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“DANCING IN THE DARK” “Physical Manifestations” “The dynamics of sexual addiction have been increasingly well-documented by numerous authorities, yet the information is seldom mentioned to teenagers. For example, few teens are aware that when one views pornography, powerful biochemical reactions are unleashed which can quickly lead to addiction. When a teen is excited by an image, the adrenal glad secretes a chemical called epinephrine into the bloodstream. The chemical then travels to the brain and locks the image. From this point, the mind may recall the image at any time and trigger the feeling of arousal. The effect of this process is why so many adults can still vividly recall the first pornographic image they saw as a youngster.” “Other biochemical’s are at work as well such as serotonin, endorphins, adrenaline and dopamine which produce powerful euphoric states in the pornography user. Teens experiencing this self-indeed chemical thrill will naturally wish to do so again. Indeed, like Robert, the very act of approaching pornography then creates a rush of consumption to maximize the thrill. Teens who begin with causal viewing may suddenly find themselves consumed by recalled erotic images and may compulsively devote ever-more time and attention to them. Teens trapped in the cycle may require ever-more explicit (and in some cases illegal) images to achieve the same response.” “The Effects” “Certainly, not all kids who view pornography end up as sexual addicts, but pornography is harmful to them nonetheless. Developmentally, the teenage years are a key formative stage, and the normalized yet ridiculously skewed depiction of sexuality in pornography can greatly impair a young persons development of a healthy sexual identity (if you doubt this, consider the numerous recent media stories of the consequences of teens acting out what they say on the Playboy Channel and adult videos).” “Pornography fosters a demeaning attitude towards women by depicting females as insatiable play things, and attitude that has been correlated with incidents of sexual abuse and rape. Pornography also creates the expectation in teenage males that women’s bodies should look like the air-brushed and surgically enhanced versions in the movies, an expectation that can lead to condemnation and rejection of girls fighting this impossible standard. The act of sex itself through pornography is dehumanized and desensitized, and teens may have a hard time discovering real intimacy when raised on this dysfunctional and destructive model.” “Finally, and most importantly, pornography represents a spiritual assault on God’s gift of sexuality and the purpose for which it was created. Christian teenagers are forced to try to maintain a Godly conception of their sexuality in the midst of a well-conceived, all-out blitzkrieg on their values, and many of our teens are quietly losing the fight.” “Robert didn’t realize had had a problem until he started falling asleep in class and his grades began to slip. Despite these detrimental effects, he continued his nightly affair with Pornography – Research 2006 to present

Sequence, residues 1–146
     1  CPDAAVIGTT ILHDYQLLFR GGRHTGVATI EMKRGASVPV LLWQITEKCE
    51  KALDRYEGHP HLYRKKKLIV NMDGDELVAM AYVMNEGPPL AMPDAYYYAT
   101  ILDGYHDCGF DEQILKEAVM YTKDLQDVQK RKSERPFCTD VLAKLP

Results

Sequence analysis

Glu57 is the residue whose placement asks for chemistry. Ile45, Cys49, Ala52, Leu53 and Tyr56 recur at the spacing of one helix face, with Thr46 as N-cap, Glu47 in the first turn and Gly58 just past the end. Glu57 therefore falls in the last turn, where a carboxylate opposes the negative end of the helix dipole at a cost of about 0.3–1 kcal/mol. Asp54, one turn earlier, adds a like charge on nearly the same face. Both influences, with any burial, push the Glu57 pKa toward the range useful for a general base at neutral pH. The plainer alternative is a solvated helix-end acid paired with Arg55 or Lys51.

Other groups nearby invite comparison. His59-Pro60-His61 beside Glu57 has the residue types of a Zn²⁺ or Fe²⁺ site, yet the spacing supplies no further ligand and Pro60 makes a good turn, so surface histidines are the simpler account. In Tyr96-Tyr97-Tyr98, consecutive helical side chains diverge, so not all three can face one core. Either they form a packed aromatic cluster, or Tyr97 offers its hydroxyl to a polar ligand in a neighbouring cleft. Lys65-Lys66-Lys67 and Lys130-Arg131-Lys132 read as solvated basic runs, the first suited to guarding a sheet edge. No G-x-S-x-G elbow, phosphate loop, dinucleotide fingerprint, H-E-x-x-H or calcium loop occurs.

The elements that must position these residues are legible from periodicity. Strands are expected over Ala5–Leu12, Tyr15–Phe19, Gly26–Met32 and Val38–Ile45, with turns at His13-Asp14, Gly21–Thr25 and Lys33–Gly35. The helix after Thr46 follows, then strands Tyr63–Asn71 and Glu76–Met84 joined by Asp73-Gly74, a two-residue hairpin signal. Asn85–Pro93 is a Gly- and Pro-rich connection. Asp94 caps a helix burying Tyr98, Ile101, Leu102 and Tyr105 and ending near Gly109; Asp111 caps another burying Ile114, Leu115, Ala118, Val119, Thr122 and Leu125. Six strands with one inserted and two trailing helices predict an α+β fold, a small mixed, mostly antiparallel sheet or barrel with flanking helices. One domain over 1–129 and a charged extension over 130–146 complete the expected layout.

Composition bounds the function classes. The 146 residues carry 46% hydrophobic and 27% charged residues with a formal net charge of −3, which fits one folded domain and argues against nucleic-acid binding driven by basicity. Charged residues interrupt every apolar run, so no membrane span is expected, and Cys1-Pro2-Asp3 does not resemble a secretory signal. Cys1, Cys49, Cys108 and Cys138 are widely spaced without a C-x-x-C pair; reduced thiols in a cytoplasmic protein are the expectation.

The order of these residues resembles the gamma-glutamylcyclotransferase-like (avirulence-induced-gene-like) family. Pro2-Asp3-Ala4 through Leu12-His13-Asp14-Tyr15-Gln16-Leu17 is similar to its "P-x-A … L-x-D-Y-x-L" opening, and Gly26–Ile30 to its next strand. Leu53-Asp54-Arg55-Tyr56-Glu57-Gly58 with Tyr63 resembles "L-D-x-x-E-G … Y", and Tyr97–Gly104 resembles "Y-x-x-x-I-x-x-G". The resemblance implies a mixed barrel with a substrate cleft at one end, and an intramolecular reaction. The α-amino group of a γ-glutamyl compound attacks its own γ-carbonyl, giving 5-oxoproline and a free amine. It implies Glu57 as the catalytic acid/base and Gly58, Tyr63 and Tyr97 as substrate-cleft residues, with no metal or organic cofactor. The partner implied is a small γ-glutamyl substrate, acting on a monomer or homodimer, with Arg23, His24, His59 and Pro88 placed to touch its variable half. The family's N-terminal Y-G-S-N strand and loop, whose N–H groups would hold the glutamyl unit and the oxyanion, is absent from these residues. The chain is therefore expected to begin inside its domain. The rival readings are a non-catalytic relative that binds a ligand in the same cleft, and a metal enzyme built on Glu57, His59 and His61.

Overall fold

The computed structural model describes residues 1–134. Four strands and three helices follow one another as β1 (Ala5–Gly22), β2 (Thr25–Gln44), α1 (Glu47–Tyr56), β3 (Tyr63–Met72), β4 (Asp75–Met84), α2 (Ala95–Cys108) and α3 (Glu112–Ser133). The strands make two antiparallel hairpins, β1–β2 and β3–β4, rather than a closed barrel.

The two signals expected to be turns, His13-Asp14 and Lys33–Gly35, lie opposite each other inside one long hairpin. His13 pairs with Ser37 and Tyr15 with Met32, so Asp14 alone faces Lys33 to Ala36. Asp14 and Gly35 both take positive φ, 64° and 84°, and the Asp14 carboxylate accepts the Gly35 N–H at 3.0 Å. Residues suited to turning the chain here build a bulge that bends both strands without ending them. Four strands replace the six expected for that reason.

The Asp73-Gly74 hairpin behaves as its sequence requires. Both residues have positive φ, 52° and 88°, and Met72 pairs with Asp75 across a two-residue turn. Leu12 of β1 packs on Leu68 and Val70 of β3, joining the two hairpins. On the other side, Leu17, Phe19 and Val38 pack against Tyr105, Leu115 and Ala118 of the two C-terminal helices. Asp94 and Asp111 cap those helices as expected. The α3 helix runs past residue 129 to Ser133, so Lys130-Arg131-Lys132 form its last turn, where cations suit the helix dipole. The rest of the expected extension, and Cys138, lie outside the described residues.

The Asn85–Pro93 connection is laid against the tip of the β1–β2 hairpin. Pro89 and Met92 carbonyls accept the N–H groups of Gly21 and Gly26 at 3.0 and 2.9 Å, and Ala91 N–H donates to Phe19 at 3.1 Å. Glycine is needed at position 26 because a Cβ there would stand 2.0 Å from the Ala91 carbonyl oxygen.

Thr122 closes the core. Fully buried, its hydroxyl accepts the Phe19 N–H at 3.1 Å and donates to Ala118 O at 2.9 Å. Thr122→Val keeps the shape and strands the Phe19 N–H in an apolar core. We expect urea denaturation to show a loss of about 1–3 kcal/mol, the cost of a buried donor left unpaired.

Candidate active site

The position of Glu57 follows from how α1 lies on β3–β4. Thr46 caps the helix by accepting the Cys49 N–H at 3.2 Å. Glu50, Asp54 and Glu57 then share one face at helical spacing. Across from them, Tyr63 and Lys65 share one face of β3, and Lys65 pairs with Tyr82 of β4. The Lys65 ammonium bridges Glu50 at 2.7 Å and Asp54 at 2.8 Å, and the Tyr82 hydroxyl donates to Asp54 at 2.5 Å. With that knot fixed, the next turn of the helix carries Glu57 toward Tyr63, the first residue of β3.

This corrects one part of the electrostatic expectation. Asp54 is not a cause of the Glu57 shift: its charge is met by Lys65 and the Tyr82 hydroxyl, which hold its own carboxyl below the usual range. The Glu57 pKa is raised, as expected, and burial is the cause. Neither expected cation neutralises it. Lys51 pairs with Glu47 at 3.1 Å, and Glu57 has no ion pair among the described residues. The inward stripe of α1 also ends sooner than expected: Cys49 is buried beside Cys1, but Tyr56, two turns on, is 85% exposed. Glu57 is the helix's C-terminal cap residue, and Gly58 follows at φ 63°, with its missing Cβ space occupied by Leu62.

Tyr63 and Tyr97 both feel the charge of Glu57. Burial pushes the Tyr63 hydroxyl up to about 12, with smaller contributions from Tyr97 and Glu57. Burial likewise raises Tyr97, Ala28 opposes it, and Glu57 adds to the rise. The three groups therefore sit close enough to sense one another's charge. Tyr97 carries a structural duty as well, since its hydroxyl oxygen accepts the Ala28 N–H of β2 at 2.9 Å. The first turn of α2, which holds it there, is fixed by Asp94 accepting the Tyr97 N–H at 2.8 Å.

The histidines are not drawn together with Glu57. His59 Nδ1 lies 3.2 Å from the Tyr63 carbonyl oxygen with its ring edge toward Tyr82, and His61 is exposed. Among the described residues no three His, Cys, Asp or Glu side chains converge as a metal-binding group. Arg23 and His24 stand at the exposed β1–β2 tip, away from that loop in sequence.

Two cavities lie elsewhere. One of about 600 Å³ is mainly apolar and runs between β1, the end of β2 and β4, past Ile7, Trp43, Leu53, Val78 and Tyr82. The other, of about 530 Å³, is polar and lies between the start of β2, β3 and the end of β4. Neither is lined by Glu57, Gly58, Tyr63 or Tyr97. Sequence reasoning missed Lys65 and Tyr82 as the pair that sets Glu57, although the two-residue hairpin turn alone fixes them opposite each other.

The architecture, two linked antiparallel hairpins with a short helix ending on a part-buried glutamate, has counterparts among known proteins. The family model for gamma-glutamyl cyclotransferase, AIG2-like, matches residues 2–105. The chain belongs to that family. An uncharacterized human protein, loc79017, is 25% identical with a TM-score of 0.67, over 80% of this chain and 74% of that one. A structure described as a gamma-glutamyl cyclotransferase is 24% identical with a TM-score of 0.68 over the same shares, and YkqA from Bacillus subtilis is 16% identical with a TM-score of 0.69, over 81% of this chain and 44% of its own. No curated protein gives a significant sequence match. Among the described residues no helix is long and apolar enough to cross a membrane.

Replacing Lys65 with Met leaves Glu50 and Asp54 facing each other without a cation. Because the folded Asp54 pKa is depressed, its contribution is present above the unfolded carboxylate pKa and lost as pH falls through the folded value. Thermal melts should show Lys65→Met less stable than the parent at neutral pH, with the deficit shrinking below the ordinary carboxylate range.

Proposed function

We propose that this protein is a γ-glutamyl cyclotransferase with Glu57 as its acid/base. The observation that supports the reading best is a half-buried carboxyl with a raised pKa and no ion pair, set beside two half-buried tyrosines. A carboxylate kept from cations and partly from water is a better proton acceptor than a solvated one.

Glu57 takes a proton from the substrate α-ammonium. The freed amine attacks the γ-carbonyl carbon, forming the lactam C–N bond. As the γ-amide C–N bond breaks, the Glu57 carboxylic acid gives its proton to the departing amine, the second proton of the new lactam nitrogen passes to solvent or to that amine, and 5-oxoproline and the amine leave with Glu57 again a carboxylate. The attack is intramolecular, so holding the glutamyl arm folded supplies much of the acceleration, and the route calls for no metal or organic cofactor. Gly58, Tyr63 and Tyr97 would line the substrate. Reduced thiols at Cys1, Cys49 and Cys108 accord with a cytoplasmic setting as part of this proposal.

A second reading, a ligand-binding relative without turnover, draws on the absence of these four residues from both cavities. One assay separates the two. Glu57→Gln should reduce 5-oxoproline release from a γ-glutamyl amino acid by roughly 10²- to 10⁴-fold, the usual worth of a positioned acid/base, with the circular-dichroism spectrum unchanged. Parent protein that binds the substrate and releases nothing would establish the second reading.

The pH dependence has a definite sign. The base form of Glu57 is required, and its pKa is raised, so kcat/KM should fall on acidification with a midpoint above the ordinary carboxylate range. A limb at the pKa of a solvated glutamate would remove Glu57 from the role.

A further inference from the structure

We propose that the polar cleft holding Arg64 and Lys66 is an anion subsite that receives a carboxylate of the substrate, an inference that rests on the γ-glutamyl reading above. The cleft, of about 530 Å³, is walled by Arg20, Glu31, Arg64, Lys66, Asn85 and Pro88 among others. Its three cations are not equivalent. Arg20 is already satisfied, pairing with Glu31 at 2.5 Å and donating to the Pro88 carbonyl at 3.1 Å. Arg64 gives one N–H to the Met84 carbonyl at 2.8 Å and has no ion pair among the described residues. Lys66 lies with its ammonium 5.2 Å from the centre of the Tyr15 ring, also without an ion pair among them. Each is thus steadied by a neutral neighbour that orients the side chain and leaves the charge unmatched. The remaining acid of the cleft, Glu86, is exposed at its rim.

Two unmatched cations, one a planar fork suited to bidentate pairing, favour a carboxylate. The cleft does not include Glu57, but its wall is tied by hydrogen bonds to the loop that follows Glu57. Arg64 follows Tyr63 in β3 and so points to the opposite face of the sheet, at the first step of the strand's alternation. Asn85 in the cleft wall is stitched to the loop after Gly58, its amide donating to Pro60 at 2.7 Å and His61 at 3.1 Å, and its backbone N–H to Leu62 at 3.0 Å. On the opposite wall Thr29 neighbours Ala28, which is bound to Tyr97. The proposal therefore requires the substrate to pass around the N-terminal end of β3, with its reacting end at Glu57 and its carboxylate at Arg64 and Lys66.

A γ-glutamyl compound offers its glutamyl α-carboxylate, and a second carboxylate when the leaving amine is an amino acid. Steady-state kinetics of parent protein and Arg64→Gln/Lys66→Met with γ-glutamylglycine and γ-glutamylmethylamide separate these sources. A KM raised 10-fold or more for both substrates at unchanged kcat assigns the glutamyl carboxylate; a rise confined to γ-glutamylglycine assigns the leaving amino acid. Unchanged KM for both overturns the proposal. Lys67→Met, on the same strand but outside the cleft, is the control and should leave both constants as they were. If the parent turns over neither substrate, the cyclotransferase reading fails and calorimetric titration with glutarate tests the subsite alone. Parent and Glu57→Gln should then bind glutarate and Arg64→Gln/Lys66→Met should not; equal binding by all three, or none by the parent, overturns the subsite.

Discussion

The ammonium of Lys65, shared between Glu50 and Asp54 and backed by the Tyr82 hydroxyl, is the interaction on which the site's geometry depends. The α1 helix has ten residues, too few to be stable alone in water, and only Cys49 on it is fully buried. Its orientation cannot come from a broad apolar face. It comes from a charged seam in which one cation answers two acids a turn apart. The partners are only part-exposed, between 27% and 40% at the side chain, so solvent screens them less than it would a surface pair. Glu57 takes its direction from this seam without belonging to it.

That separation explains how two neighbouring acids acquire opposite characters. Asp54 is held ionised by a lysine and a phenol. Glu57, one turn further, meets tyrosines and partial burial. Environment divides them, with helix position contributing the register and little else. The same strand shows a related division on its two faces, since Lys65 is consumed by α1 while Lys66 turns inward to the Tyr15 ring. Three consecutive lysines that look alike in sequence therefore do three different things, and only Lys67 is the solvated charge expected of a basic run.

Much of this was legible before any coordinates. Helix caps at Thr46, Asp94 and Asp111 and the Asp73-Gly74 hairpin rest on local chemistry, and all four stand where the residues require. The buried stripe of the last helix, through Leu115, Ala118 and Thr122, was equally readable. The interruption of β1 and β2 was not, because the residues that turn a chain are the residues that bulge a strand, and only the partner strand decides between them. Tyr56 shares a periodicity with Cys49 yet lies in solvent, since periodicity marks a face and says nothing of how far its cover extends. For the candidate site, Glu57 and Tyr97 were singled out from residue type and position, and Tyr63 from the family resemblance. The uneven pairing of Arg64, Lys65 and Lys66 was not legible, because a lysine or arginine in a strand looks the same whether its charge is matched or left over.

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pornography. It began to scare him when he realized that he could no longer control himself, and that’s when he came to talk to me.” “1. Never judge or shame a teenager. Whether you are addressing a group or an individual, the teenager who’s indulging in pornography probably feels both shame and isolation for their actions. They may feel deviant, and that they’re the only ones who are engaged in this behavior. If teenagers feel the possibility of rejection, they won’t open up.” “2. Normalize teenagers’ sexuality. It’s psychologically crucial to affirm that sexual thoughts are a normal and unavoidable part of being a teenager. Acknowledge how difficult it is to maintain godly thoughts about sexuality when one is bombarded with constant and graphic sexual images and expectations. Reinforce that sexuality is a gift from God to be cherished, and that it’s what we do with it that makes it a sin.” “3. Be cognizant of gender issues. When talking about sensitive sexual topics, it’s often more comfortable for the teens have men addressing boys and women addressing girls. It’s also protection for the youth worker, since teens struggling with their sexual issues often have dangerously ambiguous physical and emotional boundaries.” “4. Affirm each individual. For anyone who has come to you with this problem, give them your undivided attention and affirm the courage and trust it took for them to discuss it with you.” “5. Preach forgiveness. For some reason, sexual sin is often falsely regarded as being much more heinous than other types of sin (which is yet another example of the mechanics of guilt and shame at work). Help the teens realize that God’s forgiveness is theirs for the asking and that you forgive them too.” (John Haney, “Dancing in the Dark,” Youth Specialties, November 2006, www.youthspecialties.com/articles/topics/sexuality/dancing.php?) ______________________ “STUDY: RISING NUMBER OF KIDS EXPOSED TO ONLINE PORN, AND MOST SAY IT TURNS THEM OFF” “More than one-third of 16- and 17-year-old boys surveyed said they had intentionally visited Xrated sites in the past year. Among girls the same age, 8% had done so.” “Overall, 34% had unwanted exposure to online pornography, including some children who had willingly viewed pornography in other instances. The 2005 number was up from 25% in a similar survey conducted in 1999 and 2000.” (“Study: Rising number of kids exposed to online porn, and most say it turns them off,” USA TODAY, February 2007, www.usatoday.com/tech/news/2007-02-05-kids-onlineporn_x.htm) ______________________ Pornography – Research 2006 to present

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Pornography research 2006 to present